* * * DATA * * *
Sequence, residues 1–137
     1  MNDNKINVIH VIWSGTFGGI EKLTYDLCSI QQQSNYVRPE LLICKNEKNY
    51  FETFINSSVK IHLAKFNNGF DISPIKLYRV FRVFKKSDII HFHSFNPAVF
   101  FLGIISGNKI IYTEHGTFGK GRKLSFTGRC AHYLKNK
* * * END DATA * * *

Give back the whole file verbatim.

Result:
Sequence, residues 1–137
     1  MNDNKINVIH VIWSGTFGGI EKLTYDLCSI QQQSNYVRPE LLICKNEKNY
    51  FETFINSSVK IHLAKFNNGF DISPIKLYRV FRVFKKSDII HFHSFNPAVF
   101  FLGIISGNKI IYTEHGTFGK GRKLSFTGRC AHYLKNK